The admonition, that all things, including Christianity, must change or perish, has, it would seem, been taken seriously by many theologians. It is, indeed, true that even prior to the epiphany of Darwinism theological circles had not been entirely free from feelings of embarrassment because of the prominence of the supernatural element in historic Christianity. The humanism of the Renaissance and later the rationalism of the Enlightenment had not failed to plant seeds of uneasiness in theological breasts.
The German theologian, Schleiermacher, for example, who died in 1834, a quarter of a century before the appearance of The Origin of Species, while attributing the holiness of Christ to the perfect union of the human and the divine in his person denied that Christ has been miraculously born, explained away Christ’s resurrection on the third day as an awakening from a state of lethargy, and suggested that, subsequently so far from having ascended into heaven, Christ had succumbed to death like all other men.
It was the promulgation of the Darwinian doctrine of Evolution, however, which was greeted as having at last rendered the old belief in the miraculous altogether obsolete. D.F. Strauss, who had listened with critical interest to Schleiermacher’s lectures in Berlin, and who, shortly after Schleiermacher’s death, had published his Life of Jesus—a violent assault on supernatural Christianity, in later years extolled Darwin as one of mankind’s most notable benefactors. “We other philosophers and critics,” he said, “had vainly decreed the downfall of miracle; our sentence made no impression, because we did not succeed in rendering miracle superfluous by putting in its place a natural force wherever its presence hitherto appeared indispensable.” Strauss was captivated by the conception of the whole history of nature as a gradual and imperceptible ascent, an inevitable and unspectacular advance, from inorganic matter to organic life, crowned by the grand achievement of the human species. The evolutionary thesis was, for him, proof sufficient that nothing happens except in accordance with natural law. This being so, it became obligatory to discard the articles of the Christian creed, which were supernatural through and through, as being out of harmony with enlightened modem thought.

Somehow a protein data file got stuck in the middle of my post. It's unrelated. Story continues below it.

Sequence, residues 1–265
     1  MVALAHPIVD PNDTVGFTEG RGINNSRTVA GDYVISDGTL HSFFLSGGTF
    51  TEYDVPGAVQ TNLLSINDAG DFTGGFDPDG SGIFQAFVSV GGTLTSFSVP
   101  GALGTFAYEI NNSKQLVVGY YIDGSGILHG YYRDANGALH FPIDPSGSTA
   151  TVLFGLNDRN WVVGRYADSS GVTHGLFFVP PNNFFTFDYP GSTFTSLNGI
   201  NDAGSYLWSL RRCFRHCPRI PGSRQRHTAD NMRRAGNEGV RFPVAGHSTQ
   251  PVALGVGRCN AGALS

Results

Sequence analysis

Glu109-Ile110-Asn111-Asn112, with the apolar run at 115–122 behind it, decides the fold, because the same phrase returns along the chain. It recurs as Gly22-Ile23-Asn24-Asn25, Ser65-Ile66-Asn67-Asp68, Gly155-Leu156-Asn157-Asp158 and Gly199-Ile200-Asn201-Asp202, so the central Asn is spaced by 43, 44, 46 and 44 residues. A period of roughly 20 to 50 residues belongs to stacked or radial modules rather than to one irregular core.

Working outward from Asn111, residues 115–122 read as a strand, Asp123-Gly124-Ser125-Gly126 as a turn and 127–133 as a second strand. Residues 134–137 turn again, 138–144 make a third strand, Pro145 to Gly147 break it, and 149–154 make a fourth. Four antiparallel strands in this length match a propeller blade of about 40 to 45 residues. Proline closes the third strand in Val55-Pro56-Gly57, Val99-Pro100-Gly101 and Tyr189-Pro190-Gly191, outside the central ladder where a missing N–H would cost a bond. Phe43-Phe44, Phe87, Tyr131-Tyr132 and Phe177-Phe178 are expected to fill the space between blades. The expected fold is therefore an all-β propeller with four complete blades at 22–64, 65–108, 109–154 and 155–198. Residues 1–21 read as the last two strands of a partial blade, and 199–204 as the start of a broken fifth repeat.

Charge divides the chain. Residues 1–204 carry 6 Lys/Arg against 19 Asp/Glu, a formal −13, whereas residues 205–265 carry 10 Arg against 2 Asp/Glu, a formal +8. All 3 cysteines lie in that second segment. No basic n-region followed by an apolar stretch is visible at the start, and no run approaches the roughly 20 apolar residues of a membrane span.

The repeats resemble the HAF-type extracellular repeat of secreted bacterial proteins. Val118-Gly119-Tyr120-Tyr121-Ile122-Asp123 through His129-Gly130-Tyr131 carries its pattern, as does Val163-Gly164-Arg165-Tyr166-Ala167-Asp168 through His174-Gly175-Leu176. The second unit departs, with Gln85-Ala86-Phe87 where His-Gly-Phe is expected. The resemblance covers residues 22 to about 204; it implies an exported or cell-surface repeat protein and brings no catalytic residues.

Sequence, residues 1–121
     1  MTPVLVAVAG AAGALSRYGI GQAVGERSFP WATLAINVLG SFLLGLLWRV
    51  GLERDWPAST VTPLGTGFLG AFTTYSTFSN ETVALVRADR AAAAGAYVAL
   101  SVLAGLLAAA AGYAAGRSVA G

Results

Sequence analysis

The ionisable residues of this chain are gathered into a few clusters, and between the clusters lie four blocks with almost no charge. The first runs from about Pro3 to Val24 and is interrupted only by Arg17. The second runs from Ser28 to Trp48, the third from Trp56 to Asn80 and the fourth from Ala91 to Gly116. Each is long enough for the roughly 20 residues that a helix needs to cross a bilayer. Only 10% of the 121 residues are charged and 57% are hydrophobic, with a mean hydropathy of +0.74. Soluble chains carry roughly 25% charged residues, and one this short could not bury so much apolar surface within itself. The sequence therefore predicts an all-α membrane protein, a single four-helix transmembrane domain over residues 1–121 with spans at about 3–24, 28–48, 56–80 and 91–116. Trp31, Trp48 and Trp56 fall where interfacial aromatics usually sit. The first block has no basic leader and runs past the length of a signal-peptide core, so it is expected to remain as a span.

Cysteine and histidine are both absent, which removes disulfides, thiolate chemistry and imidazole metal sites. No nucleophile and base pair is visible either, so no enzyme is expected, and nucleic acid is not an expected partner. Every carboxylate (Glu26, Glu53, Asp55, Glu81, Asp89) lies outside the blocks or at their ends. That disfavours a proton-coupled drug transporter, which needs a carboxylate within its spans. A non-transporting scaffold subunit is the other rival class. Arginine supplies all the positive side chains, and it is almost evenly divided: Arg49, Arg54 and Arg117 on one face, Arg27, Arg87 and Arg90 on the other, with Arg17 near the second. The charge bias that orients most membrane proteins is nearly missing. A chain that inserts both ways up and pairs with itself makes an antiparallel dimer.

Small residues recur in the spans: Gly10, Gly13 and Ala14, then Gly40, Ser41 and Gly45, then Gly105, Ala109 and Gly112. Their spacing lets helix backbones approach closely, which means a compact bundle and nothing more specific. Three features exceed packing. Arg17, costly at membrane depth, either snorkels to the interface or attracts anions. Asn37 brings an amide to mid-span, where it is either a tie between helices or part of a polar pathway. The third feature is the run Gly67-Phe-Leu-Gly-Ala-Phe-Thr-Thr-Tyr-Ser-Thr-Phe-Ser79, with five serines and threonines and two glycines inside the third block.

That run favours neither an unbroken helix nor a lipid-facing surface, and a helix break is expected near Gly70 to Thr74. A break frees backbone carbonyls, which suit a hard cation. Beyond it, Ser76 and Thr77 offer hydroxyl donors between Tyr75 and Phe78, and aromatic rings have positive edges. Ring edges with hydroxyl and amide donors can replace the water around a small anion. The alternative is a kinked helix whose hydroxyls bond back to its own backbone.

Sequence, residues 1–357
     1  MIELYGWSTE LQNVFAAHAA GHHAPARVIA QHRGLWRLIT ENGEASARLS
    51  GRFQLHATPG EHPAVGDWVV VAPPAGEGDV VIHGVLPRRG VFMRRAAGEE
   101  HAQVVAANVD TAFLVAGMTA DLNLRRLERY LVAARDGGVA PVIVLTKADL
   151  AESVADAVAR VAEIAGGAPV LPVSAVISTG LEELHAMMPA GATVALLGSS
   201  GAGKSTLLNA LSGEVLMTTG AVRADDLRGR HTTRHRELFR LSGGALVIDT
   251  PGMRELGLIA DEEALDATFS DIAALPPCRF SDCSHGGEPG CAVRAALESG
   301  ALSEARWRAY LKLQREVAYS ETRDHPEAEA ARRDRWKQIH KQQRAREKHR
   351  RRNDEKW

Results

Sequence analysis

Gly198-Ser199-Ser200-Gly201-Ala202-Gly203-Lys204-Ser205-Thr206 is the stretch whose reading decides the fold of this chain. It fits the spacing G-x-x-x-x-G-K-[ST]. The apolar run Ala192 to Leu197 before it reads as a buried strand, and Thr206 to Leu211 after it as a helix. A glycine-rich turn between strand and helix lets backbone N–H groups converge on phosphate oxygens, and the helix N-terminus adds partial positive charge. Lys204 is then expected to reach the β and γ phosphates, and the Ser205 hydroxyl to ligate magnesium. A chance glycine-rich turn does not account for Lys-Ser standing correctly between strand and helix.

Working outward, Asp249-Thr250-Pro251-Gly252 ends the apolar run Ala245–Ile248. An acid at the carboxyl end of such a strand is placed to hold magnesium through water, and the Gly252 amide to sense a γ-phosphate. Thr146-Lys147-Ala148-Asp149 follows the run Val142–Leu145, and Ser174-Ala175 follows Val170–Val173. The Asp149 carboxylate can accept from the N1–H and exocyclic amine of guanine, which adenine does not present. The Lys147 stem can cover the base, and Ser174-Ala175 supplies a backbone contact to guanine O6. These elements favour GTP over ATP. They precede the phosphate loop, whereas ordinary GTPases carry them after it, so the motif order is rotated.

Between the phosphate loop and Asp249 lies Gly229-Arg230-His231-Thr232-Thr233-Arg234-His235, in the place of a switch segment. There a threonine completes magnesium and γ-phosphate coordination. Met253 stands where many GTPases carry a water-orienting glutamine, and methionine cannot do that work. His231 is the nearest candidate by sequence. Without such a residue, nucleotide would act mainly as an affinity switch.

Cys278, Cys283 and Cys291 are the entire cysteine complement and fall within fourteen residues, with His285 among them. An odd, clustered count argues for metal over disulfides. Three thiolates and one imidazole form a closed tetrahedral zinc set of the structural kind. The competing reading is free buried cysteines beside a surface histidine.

Strauss, of course, represents the complete capitulation of theology to evolutionary dogma; for him and for others of like mind Evolution both justified and demanded the elimination of all supernaturalism. But there were others who wished to retain a supernatural Christ and at the same time to fit Him into the evolutionary scheme of things. In 1889 a symposium entitled Lux Mundi appeared in England under the editorship of Charles Gore. The purpose of its contributors was to re-examine and re-assess Christian theology, and in particular the doctrine of the Incarnation, in the light of “modern knowledge.” The aspect of this modern knowledge which they felt it most important to take into account was the concept of Evolution, and the main problem which they sought to solve was that of accommodating theology to this concept without relinquishing faith in the supernatural. The effect of their theorizing, however, was to evacuate the supernatural of its unique character and to equate it with or accommodate it to the natural. Gore’s outlook may be summed up in the assertion that Christ is the Consummator of creation—Consummator Mundi. He believed it a necessity that Christ should be shown to fit neatly into the pattern of nature, which he accepted as an evolutionary pattern. As Gore saw it, this required, firstly, a thoroughgoing doctrine of kenosis whereby the Son, as incarnate, experienced every human limitation, both mental and physical, and, secondly, the assumption of a natural affinity between manhood and Godhead such as exists between two neighboring levels in an ascending series. “So akin are God and man to one another,” he wrote, “that God can really exist under conditions of manhood without ceasing to be and to reveal God; and man can be taken to be the organ of Godhead without one whit ceasing to be human.” Evolution, so far from being a merely materialistic process, was viewed as a progressive revelation of the divine mind; each successive stage revealing more adequately the character of the Creator. Hence the lower forms of life were to be understood and interpreted in terms of the higher, and particularly in terms of the highest, the human, which is a manifestation of personality and spirit. And, because of man’s moral imperfection, the human receives its crowning expression in the Incarnation, the becoming human, of Christ whose personality was one of moral perfection. In him the whole range of creation reached completion: He is its Consummator. Thus creation, development, and incarnation are regarded as cognate concepts, so much so that the Incarnation is expounded as the necessary climax of creation, rather than as, in any primary sense, directed towards the recovery of fallen mankind. In this sense it may be described as redemptive, but it will be observed that the keynote of redemption has, under this system, become that of fulfillment rather than of reconciliation.